Entrées, though beautifully plated, were not quite as consistent. The kitchen seems to excel with fish dishes. Wayne's seared cod, served with soft polenta and a tomato-basil compote, was one of my favorite dishes on the table ($14.95). Herb-crusted tuna ($17.95) was a bit overcooked for our taste. It was served with parsleyed new potatoes, green beans and a salad of tomatoes, olives, capers and onions.

I asked the chef to prepare the dish he considers his best. I was presented zuppa di pesce ($17.95), and I indeed thought it was the best dish on the table. A straightforward serving of clams, mussels, shrimp, scallops and fish, my bowl included a shallow serving of fragrant tomato broth and lots of linguine. Order it and ask for a bit more broth.

My reach did not extend far enough to the end of the table to get more than a small taste of Luis Maza's grilled pork chop ($15.95), but I was impressed. Big pork chops are making a comeback all over town and most of them are dry and uninspired. Tavola's rocks.

We were less impressed with risotto and pastas. The risotto, a special with mushrooms, was bland and the pasta seemed too oily. Lulu and I were particularly disappointed in the ricotta- and sage-filled ravioli ($13.95) because we'd heard it so admiringly described by others. The large sheets of pasta were tender, the filling was fresh, but it was all under too much butter and reggiano.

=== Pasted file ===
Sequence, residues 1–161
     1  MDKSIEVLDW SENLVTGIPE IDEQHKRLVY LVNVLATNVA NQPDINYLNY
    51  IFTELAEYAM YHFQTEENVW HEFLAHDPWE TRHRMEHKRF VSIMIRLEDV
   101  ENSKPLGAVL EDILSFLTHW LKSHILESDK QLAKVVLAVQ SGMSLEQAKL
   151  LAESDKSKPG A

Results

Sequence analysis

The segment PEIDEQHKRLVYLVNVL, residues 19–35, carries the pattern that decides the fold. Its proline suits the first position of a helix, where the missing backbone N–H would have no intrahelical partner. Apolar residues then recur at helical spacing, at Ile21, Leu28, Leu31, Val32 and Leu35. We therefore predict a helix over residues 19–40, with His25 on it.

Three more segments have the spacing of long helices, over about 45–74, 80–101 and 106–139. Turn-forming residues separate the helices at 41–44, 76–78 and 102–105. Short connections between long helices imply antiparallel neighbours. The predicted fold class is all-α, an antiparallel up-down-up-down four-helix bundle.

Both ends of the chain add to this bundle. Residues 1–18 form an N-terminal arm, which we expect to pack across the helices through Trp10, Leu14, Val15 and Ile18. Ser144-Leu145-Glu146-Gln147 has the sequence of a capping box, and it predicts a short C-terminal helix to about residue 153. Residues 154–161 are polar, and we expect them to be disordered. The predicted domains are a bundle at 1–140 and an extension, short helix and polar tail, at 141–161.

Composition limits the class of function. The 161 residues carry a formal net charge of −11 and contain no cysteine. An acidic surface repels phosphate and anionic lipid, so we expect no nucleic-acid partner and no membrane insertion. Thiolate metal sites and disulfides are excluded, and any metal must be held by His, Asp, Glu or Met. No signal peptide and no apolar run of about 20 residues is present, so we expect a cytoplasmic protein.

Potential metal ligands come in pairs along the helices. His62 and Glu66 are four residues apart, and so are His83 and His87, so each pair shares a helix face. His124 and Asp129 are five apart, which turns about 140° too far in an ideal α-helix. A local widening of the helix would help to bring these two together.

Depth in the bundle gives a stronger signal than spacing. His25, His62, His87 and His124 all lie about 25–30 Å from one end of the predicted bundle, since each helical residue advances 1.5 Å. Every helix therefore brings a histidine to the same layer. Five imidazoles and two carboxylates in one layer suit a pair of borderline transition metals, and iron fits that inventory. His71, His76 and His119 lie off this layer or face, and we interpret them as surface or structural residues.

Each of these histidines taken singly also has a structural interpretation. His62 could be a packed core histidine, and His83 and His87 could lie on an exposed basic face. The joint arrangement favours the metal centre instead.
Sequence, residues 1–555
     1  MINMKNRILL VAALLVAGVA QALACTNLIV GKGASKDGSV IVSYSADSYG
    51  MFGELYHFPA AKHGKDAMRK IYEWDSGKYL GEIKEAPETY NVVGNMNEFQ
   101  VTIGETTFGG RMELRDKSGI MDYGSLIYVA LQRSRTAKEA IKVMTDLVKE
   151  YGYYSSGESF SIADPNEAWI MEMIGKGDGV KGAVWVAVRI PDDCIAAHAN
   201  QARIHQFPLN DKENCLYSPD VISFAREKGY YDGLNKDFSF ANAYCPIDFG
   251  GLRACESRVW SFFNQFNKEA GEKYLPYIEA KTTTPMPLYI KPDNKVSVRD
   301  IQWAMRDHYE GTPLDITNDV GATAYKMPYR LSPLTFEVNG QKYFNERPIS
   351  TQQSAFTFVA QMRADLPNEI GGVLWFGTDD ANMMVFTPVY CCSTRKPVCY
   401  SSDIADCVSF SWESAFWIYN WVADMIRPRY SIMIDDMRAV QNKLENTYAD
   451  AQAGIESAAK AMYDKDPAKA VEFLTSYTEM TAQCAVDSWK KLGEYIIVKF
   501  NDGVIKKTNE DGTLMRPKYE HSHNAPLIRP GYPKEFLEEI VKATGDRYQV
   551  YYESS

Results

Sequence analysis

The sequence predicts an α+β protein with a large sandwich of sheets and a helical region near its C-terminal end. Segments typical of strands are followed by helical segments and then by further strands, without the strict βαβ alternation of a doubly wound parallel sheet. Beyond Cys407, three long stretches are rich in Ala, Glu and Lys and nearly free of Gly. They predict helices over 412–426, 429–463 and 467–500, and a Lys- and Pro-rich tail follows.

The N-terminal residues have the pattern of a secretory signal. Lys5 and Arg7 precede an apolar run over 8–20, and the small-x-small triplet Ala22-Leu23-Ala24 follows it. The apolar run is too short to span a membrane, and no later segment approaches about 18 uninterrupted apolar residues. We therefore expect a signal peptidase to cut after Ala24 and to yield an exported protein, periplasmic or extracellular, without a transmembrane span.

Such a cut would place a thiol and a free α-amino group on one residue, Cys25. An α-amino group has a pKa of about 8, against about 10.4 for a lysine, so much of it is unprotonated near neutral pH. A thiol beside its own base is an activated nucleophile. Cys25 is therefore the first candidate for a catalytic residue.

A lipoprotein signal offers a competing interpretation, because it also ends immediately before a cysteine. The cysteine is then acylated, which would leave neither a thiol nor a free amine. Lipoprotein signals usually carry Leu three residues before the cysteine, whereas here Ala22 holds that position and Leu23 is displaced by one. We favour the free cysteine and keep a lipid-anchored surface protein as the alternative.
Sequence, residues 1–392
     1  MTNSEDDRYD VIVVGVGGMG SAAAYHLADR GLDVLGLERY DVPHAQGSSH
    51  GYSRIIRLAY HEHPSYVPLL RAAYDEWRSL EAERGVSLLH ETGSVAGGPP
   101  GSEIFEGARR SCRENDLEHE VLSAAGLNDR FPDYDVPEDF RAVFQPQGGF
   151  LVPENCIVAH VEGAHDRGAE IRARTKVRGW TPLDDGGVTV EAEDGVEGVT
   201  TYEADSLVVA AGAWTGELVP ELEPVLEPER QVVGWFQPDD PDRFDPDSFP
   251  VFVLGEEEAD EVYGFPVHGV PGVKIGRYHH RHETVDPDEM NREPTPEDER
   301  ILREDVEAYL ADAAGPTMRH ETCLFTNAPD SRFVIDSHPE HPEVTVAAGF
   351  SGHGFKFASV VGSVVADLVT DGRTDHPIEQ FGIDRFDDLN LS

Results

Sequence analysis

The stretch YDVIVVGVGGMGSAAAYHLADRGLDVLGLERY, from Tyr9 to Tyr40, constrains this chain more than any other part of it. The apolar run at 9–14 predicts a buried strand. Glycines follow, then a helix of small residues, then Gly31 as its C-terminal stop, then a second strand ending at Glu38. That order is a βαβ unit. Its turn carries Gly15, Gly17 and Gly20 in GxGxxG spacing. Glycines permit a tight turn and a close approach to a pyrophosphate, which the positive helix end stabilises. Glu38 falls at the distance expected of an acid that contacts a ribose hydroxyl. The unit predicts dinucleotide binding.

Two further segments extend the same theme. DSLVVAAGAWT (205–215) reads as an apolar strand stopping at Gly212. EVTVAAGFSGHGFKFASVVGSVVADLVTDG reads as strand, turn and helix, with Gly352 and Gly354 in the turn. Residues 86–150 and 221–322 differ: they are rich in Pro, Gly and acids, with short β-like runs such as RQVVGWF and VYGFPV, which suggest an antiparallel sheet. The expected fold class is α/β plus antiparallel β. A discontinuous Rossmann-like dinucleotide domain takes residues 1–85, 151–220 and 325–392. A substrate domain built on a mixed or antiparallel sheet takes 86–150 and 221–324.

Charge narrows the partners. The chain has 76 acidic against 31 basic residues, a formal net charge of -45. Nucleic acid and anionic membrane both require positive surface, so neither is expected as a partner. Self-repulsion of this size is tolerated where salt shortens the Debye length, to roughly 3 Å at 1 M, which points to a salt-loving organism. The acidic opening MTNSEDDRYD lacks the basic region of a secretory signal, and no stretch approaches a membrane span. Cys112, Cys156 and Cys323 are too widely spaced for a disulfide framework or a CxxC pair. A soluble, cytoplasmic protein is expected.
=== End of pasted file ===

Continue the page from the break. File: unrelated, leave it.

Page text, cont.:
We finished with a warm piece of almond pastry topped with fresh fruit and ice cream — delectable and eaten in a flash. So, we ordered a second round of it only to find the pastry rather stale.

Overall, though, I am impressed with the improvements. It is good to see a restaurant really strive to improve itself.

Here and there

Where did Wayne want to go for his recent birthday dinner? To Bien Thuy, still Atlanta's best Vietnamese restaurant by far. I always recommend diners go here and tell the owner, Suzanne, to serve whatever strikes her fancy. Of course, Wayne refuses to dine here if the meal doesn't feature a dish he invented when Bill Clinton was first elected. It's tofu cooked with lemon grass. He calls it "Hillary's Election Special." I much prefer the version made with chicken.

We returned to Ann's Snack Bar on Memorial recently. Miss Ann cooks the biggest and best burgers in town, although eating there leaves me feeling like a python that has devoured a small animal. I enjoyed a "gourmet burger" recently at the new Thumbs Up Diner on Edgewood, though its mushrooms were unpleasantly overcooked. This restaurant is operated by the owner of the old Thumbs Up that closed in Decatur a few years ago. It was one of the area's favorite breakfast spots and is back with a huge menu of breakfast dishes served throughout the day.

I still dine frequently at In the Shade Café, our city's best vegetarian restaurant. But I have to admit that the restaurant's dinner menu is getting stale. I enjoy the occasional specials, but it's time for a menu redo, folks.